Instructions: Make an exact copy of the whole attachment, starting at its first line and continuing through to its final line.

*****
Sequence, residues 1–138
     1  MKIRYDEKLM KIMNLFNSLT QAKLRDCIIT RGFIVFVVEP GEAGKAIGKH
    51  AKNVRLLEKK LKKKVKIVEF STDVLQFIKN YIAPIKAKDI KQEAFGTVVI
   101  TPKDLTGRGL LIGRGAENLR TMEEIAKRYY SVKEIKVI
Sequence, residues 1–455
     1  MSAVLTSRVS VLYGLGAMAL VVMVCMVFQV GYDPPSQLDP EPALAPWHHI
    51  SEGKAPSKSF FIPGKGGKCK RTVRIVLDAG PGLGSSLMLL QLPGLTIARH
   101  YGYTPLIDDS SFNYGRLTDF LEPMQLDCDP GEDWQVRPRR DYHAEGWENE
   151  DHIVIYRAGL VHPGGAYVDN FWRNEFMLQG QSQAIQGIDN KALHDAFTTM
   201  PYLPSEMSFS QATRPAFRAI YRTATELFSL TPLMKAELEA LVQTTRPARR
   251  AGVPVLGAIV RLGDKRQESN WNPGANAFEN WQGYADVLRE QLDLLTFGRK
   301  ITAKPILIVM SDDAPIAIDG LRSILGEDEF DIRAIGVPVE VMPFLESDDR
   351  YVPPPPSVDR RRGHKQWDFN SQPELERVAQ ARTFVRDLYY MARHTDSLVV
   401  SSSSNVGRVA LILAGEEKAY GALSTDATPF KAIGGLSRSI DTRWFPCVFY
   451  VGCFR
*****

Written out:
Sequence, residues 1–138
     1  MKIRYDEKLM KIMNLFNSLT QAKLRDCIIT RGFIVFVVEP GEAGKAIGKH
    51  AKNVRLLEKK LKKKVKIVEF STDVLQFIKN YIAPIKAKDI KQEAFGTVVI
   101  TPKDLTGRGL LIGRGAENLR TMEEIAKRYY SVKEIKVI
Sequence, residues 1–455
     1  MSAVLTSRVS VLYGLGAMAL VVMVCMVFQV GYDPPSQLDP EPALAPWHHI
    51  SEGKAPSKSF FIPGKGGKCK RTVRIVLDAG PGLGSSLMLL QLPGLTIARH
   101  YGYTPLIDDS SFNYGRLTDF LEPMQLDCDP GEDWQVRPRR DYHAEGWENE
   151  DHIVIYRAGL VHPGGAYVDN FWRNEFMLQG QSQAIQGIDN KALHDAFTTM
   201  PYLPSEMSFS QATRPAFRAI YRTATELFSL TPLMKAELEA LVQTTRPARR
   251  AGVPVLGAIV RLGDKRQESN WNPGANAFEN WQGYADVLRE QLDLLTFGRK
   301  ITAKPILIVM SDDAPIAIDG LRSILGEDEF DIRAIGVPVE VMPFLESDDR
   351  YVPPPPSVDR RRGHKQWDFN SQPELERVAQ ARTFVRDLYY MARHTDSLVV
   401  SSSSNVGRVA LILAGEEKAY GALSTDATPF KAIGGLSRSI DTRWFPCVFY
   451  VGCFR